I have found that old adage, “You get what you pay for” is true more often than not. For this reason, when I hear a commercial office space needs renovation and the competing bid is several thousands of dollars less than expected, I get nervous.

The Good

Over ten years ago, I had the pleasure of renovating a home to convert it into an insurance office. The renovation included all aspects of commercial office space design including space layout, installation of flooring including tile and carpet, paint and decor. We strategically pre-arranged all the furniture and accessories for the project to ensure great workflow, before anything began. The project took about two weeks and the results were fantastic. The remodel was smooth and really ideal in every way.

The client was very pleased and contacted me again in 2014 as she was expanding and building a second commercial office space in north Denver. This time, the project was a full remodel. I was to turn a former liquor store into an insurance office space. My contractor and I came out, drew up plans for the space and created a timeline, budget and full concept of the scope of work to be included. It laid out all the amenities she wanted and needed to make the store into a comfortable and usable commercial office space for herself and another staff.

The Bad

We submitted our bid, and were told we were more expensive than she thought and that she wanted to get another bid. This is part of the industry, but just like in other industries, bids can vary significantly as they don’t compare apples to apples. Some commercial office space bids may exclude certain items so they can come in lower; sometimes they use a different quality or gain profit from other ways on the projects. (see my blog on pricing to see how I price projects here)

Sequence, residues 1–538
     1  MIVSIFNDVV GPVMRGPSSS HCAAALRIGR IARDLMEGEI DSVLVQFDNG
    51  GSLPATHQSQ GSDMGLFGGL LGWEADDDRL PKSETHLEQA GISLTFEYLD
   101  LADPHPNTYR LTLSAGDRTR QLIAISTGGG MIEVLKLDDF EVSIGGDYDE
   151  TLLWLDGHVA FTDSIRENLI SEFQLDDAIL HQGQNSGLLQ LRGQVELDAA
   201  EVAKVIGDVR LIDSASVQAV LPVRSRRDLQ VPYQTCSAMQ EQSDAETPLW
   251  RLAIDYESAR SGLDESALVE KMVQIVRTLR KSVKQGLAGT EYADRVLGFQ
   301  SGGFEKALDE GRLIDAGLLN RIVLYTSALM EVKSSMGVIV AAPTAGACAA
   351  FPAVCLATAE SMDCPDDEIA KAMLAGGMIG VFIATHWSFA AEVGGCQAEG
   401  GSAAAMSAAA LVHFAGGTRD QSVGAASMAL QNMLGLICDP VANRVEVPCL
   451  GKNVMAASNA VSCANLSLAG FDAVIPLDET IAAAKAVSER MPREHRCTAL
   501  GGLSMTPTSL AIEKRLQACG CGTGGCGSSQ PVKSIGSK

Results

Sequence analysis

The client ended up going with a bid that was nearly $10,000 less expensive, which was pretty significant, and I knew she would likely have problems. Sadly, I was right and about two months later, I received a frantic call. The contractor who had promised all these great ideas had not come through.

The Ugly

When I saw the commercial office space, I can say I certainly wouldn’t want clients to come there. My contractor and I proceeded to complete the work based on the original design we had submitted. We were able to stay within the budget while correcting the numerous mistakes from the first contractor. Although we stayed in our budget, the client had already paid the first contractor, and I encouraged her to get reimbursed from him for all the work promised but not performed.

She was able to get a substantial amount of money back due to his poor quality of work. She apologized to us and was extremely thankful we were able to give her the commercial office space design she wanted. She had her Grand Opening on time and was excited to have potential clients, business associates and friends celebrate the expansion of her business.

Broxton Design was happy to be able to save a commercial client from a disastrous situation, but we would rather help avoid it to begin with.

Let’s work together to improve your commercial interior design.

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